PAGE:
2015 / Director. Philip Martin.
Review by Glenn Cochrane.
John Travolta hasn’t been a good actor for a very long time and the fact that his wig upstages him in almost every film speaks volumes. Having had his career resurrected by Quentin Tarantino in the mid 90s, followed by a decade-long high at the top of Hollywood, he has once again found himself in that familiar position of irrelevance. Nothing he makes seems to matter any more and whatever wig of choice adorns his head makes him look like he just stepped off the stage of a London pantomime.
Naturally I take any new Travolta film with a grain of salt and my expectation levels are kept very low. THE FORGER flew under my radar and eluded me right up until the point of picking up the blu-ray with my own hands. The cover art was basic and gave the impression of being a thriller. The synopsis on the reverse side promised a taut and slick heist thriller. The fact that all of this was completely misleading actually worked in its favour. It is not taut and it is not slick… in fact it’s not really a thriller at all.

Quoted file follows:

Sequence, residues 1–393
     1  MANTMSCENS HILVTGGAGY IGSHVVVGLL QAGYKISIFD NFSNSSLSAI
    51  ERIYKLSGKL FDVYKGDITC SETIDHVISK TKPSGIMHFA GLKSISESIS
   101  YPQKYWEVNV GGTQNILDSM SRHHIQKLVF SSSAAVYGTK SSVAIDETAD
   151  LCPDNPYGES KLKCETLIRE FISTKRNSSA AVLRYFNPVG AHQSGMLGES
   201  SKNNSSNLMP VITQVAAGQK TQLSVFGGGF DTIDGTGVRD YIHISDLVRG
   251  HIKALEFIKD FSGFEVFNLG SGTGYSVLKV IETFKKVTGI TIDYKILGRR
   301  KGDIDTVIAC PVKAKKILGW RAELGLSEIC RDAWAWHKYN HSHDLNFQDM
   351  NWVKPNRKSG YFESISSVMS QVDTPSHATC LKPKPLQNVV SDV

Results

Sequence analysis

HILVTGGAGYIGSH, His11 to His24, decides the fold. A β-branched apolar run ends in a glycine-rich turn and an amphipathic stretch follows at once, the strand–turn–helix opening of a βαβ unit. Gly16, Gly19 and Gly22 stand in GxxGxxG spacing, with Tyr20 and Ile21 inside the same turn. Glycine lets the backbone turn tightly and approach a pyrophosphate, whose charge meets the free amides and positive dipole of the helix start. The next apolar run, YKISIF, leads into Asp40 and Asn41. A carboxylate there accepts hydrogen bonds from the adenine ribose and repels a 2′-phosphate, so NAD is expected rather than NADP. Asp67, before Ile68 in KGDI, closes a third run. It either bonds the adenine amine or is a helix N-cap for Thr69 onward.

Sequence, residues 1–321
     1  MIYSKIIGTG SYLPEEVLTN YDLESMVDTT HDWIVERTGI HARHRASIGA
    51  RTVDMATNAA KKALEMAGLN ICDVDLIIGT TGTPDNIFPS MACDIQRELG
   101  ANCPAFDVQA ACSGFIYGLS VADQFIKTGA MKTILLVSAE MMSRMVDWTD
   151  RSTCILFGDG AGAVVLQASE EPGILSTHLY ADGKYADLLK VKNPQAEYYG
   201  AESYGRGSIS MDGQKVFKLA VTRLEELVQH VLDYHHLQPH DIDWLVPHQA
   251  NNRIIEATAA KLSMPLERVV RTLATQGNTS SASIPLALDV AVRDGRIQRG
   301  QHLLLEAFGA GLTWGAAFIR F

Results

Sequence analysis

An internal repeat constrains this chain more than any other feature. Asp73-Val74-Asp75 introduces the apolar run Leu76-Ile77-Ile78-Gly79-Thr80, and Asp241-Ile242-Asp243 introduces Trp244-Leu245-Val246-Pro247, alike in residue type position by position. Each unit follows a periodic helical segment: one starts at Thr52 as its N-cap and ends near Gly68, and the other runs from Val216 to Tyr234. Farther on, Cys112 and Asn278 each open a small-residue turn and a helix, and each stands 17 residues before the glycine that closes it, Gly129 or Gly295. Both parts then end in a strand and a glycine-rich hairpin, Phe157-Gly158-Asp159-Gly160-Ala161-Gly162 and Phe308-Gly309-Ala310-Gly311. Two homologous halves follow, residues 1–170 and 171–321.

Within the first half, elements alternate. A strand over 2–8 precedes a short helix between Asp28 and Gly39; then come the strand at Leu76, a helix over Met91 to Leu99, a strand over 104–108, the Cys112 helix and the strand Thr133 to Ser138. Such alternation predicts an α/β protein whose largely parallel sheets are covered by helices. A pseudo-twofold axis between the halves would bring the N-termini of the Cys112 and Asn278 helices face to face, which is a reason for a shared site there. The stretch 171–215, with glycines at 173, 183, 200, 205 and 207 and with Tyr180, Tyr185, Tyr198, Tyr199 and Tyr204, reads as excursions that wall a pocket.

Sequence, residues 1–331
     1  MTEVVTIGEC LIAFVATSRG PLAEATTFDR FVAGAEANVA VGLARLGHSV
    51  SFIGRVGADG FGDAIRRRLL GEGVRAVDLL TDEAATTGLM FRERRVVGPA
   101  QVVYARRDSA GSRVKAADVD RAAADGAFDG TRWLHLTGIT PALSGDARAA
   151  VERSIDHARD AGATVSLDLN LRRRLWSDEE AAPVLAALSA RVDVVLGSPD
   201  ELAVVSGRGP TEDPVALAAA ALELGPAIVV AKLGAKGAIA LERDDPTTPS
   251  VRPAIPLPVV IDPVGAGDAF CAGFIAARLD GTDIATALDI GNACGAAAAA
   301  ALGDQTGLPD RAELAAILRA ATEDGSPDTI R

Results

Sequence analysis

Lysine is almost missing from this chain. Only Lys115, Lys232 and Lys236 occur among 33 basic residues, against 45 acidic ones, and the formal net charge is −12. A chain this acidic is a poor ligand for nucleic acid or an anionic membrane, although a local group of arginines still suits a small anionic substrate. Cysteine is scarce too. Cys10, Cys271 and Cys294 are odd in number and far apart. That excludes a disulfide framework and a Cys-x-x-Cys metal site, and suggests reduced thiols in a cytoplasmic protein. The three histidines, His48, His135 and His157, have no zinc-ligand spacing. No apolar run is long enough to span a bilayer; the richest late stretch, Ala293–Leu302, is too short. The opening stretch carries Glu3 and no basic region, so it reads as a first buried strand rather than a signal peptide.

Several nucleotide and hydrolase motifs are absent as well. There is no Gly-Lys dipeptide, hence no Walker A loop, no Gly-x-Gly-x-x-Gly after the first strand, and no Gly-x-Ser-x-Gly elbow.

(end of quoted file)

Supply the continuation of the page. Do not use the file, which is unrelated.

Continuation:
Travolta plays a criminal art forger who strikes a deal with a local crime boss to get an early release from prison. The condition is that he must recreate one of Monet’s most intricate works of art and switch it with the real piece within three days. And so upon release he gets to work while reconnecting with his teenage son and elderly father. There are circumstances at play that are best left unsaid but suffice to say that THE FORGER plays out as an emotional drama-piece, rather than a crime caper.
John Travolta is good and were it not for the constant distraction of his stupid fucking hairpiece, it would have been a completely convincing performance. He digs deep and the role feels personal. With overarching themes that mirror his own life, it proves to be quite an earnest and courageous performance. He given strong support by Christopher Plummer who plays the aged and bad-ass father/grandfather and Tye Sheridan as the estranged son. I am convinced that Sheridan is one of the greatest young actors going around at the moment and with previous turns in MUD and JOE he is establishing himself as a brilliant young performer who can hold his own against some of Hollywood’s most elite.
THE FORGER is far from being a perfect film and with more attention it could have been great. It’s a little uneven when balancing the two genres and with a stronger focus on the drama (and removal of wig) it could have been an absolute belter. But having said that, I took a lot from it and was pleasantly surprised. It certainly isn't worthy of the criticisms it’s been receiving and is ultimately an unsuspecting dramatic piece with little to no fanfare. Definitely worth the time.